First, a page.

Front matter

Welcome to Glossographia, a blog dedicated to the interdisciplinary study of language from a social scientific perspective. I am Stephen Chrisomalis, an anthropologist working at Wayne State University in Detroit, Michigan. I will be writing about the intersection of linguistics, archaeology, anthropology, evolutionary theory, cognitive science, epigraphy, literacy studies, and the history of science and mathematics, among other things. While my focus will be academic, I’m aiming to present material that will be accessible and interesting to non-specialists and specialists alike.

My primary research focus is on the anthropology of mathematics, specifically numerical systems.  My forthcoming book, A Comparative History of Numerical Notation, is a cross-cultural cognitive history of all attested systems of written numerals from 3500 BCE to the present.   It is the sort of work that takes me into cognitive neurolinguistics one day, and Near Eastern epigraphy the next, and I will undoubtedly write about it here.

In my non-professional life I am the creator and maintainer of the Phrontistery, a site dedicated to the love of English lexicography and specifically rare and obscure words.  Some of the posts that will appear here over the next few months will be older posts from the Phrontistery, and I will occasionally cross-post material at both sites, but largely the two should remain distinct.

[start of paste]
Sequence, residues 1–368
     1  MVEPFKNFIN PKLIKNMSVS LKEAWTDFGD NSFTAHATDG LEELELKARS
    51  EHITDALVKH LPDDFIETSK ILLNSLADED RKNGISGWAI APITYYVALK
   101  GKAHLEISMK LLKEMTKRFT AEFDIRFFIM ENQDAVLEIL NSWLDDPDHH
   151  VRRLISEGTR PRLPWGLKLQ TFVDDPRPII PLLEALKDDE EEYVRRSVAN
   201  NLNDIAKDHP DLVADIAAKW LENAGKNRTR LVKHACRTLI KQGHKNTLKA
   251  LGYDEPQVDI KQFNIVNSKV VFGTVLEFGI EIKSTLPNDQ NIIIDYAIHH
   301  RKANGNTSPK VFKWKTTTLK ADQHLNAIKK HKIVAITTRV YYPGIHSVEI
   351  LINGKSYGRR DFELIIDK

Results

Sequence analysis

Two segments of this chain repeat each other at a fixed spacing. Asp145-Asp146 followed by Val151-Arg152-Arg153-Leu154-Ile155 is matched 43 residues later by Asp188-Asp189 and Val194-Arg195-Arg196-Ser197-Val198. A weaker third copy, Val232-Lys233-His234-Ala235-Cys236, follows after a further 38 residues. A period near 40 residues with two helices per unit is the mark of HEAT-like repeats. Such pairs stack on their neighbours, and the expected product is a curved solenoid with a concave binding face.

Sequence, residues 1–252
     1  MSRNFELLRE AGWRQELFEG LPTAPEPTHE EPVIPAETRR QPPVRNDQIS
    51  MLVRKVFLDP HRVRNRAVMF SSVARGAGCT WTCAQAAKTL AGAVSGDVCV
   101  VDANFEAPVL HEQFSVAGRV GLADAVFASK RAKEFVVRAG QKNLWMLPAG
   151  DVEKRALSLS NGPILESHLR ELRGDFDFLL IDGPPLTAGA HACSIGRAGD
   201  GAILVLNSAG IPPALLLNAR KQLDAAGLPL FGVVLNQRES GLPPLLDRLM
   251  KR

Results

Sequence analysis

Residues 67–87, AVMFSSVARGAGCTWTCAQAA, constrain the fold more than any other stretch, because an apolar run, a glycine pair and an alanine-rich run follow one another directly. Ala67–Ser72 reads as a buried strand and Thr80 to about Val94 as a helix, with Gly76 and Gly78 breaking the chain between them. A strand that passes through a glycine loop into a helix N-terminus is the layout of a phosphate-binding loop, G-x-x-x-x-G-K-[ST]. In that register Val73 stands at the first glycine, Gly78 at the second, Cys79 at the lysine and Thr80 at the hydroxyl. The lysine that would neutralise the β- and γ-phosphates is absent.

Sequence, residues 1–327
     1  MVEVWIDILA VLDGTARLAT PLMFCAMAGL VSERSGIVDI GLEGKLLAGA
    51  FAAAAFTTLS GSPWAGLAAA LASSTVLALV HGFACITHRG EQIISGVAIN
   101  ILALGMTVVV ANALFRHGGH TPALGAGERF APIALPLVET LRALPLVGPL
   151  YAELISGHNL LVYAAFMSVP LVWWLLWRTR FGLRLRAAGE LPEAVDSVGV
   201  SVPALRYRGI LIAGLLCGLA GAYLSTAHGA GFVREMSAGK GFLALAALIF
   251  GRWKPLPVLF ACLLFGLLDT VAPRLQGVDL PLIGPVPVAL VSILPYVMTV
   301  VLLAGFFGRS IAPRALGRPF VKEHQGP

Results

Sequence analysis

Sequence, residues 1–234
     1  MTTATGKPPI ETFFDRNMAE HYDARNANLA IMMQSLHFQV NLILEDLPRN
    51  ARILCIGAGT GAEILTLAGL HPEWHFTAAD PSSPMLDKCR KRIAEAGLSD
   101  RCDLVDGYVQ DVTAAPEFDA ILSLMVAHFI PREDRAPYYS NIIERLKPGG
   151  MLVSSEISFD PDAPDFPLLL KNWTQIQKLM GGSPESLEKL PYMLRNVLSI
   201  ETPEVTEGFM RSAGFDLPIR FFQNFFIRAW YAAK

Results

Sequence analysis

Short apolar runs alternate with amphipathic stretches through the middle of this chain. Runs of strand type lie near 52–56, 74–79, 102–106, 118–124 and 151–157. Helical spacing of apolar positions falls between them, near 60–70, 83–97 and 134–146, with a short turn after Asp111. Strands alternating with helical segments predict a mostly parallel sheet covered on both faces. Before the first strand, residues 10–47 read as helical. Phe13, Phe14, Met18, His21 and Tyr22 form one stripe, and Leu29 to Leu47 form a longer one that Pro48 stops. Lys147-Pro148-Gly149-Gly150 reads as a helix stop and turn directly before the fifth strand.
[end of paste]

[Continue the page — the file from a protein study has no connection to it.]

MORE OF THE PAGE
The name of this blog is taken from the title of a dictionary by Thomas Blount (1618-1679), an English antiquarian and philologist.  The original Glossographia was one of the first ‘hard words’ dictionaries to reflect a historical perspective on the English language.  Blount was a true polymath who also wrote on topics such as ancient folk customs and the history of legal terminology, and it is in that spirit that I begin this namesake project.

While I’m not a great fan of the word ‘blogosphere’, I see academic blogs as a modern, egalitarian equivalent of literary salons – the sort of place where like-minded (and not-so-like-minded) people, regardless of status or profession, can talk about ideas informally and get to meet one another.   Please feel free to comment with relevant news, questions, or links of interest.    And once again, welcome!

Author: schrisomalis

Anthropologist, Wayne State University. Professional numbers guy. Rare Words: Blog:

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